At Cardigan Island Coastal Farm Park we are very much a family affair, run by the owners Lyn and Ellen Jenkins together with their daughter, Joanne, and her husband David, while their two children, Cerys and Megan, are always keen to lend a helping hand.
Our family has farmed within the Cardigan area since the 1600s, but first came to the 217 acre Clyn-Yr-Ynys (“Meadow of the Island”) farm in 1884 when Daniel Jenkins leased the land from a local estate, and followed a traditional mixed farming system. Daniel’s son, Joshua, purchased the farm in 1918, so Clyn-Yr-Ynys has been in our family’s ownership for over 100 years, through five generations and counting.
From the late 1970’s we focused on growing new potatoes, and in 1982 Lyn bought the adjacent 123 acre farm along the coast in order to expand production. However, increased imports, the advent of crops grown under plastic in England offsetting our early Spring advantage, and supermarkets driving down prices meant that by the early 1990’s farming new potatoes was no longer viable here. Farmers were encouraged to diversify in order to survive, so in 1993, with the support of the local council, Lyn and Ellen opened part of the farm as “Cardigan Island Coastal Farm Park”.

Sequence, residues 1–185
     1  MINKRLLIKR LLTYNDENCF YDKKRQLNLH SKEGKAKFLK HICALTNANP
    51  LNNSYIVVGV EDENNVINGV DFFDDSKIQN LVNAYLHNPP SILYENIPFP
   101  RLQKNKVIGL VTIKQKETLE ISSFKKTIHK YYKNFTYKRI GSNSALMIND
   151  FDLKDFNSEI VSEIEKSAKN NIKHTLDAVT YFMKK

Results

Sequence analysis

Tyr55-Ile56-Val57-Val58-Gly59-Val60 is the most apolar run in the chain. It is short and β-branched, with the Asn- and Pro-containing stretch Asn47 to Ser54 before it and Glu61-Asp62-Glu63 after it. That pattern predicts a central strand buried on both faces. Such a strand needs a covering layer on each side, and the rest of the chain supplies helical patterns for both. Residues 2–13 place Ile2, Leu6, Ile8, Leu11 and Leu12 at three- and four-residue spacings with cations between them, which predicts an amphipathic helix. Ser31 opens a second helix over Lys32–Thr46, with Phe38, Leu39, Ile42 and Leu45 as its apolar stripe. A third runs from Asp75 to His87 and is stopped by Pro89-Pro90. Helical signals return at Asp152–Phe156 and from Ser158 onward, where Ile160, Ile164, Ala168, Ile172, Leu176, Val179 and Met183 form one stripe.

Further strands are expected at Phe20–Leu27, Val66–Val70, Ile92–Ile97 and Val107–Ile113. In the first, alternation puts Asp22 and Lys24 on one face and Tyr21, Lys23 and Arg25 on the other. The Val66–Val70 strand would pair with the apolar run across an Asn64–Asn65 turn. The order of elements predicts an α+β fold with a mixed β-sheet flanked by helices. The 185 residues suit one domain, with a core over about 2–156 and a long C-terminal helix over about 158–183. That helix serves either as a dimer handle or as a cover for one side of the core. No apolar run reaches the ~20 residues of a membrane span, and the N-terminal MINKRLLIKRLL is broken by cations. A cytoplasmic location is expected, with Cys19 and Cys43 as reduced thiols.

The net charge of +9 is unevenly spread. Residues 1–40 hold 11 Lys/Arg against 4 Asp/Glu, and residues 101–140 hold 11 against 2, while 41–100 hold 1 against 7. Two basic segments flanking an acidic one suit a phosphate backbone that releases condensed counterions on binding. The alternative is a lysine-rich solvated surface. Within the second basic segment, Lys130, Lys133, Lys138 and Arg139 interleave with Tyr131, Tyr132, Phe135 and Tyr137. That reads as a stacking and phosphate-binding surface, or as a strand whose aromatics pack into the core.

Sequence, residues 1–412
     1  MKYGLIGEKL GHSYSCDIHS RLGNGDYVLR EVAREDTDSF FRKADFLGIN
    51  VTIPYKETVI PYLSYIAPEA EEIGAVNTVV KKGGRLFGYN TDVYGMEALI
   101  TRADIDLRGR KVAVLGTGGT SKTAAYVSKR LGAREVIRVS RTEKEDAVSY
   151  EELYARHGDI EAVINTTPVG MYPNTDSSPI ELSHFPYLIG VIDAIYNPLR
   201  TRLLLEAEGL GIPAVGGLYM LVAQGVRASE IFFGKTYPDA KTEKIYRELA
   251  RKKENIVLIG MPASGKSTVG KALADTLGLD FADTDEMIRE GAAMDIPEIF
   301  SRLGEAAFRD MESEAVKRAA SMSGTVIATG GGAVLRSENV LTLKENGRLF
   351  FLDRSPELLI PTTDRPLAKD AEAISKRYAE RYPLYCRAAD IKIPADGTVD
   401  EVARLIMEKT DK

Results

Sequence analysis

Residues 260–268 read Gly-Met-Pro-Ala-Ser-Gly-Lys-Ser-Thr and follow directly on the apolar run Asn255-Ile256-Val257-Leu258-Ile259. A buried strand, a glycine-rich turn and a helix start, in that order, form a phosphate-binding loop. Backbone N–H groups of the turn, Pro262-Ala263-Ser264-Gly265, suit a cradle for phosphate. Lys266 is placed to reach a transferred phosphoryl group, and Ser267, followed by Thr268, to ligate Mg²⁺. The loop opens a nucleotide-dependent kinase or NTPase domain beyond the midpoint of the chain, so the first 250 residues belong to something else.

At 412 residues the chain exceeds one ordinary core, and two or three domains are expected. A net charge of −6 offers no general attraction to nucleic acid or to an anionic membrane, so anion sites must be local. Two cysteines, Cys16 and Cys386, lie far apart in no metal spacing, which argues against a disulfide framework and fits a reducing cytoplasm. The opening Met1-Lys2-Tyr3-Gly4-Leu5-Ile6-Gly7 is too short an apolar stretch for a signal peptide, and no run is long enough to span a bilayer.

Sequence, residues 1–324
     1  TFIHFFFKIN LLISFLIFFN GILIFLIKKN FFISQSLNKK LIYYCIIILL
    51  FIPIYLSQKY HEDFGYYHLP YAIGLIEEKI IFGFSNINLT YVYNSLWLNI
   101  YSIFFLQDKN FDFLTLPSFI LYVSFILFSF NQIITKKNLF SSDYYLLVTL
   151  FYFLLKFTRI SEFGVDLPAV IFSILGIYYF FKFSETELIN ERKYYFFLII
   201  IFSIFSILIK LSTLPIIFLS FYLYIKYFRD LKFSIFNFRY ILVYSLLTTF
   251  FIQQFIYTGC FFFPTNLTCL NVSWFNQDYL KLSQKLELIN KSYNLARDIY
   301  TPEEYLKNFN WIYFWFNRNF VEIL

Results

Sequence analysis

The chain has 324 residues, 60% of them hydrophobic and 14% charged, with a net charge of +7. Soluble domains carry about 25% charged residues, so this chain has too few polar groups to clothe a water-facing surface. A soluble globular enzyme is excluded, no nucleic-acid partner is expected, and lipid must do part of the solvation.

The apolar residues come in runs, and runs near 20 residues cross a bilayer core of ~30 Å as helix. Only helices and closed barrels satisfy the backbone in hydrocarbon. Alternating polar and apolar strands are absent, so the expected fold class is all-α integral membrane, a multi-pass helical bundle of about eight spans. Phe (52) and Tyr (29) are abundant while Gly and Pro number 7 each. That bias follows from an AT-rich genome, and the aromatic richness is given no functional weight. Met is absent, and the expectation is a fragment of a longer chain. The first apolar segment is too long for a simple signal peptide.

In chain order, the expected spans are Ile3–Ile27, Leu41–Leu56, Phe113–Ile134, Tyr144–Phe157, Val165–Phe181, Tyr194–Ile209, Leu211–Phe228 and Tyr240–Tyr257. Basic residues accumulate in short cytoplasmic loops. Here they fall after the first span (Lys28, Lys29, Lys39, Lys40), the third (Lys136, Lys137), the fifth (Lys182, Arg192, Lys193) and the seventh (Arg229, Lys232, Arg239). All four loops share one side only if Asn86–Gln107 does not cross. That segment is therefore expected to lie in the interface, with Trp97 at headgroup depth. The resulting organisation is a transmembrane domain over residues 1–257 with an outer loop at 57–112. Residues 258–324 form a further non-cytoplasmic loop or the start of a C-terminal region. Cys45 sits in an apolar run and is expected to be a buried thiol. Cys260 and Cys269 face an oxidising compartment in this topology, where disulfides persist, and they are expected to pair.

As visitor numbers have grown so has the Farm Park. From a simple turnstile along the clifftop costing just £1 to use, the entrance was moved up to the current farm house where we served teas, coffees and homemade cakes, until in 2004 the visitor centre was opened with a full café, gift shop and outdoor play area. The campsite was added in 2011, allowing visitors to stay a little longer and enjoy the glorious sunsets.
In 2012, having studied at university in Bristol, travelled, and then worked for many years in London, Joanne felt a hiraeth* for the farm she grew up on and returned to bring up her own family and help run the Farm Park. We are constantly trying to improve our visitor experience with lots of plans for the future. Watch this space…
*Hiraeth – a Welsh word which doesn’t translate into English. It is an acute longing for a place but is deeper than homesickness. The nostalgia, the yearning, the grief for lost places of your past.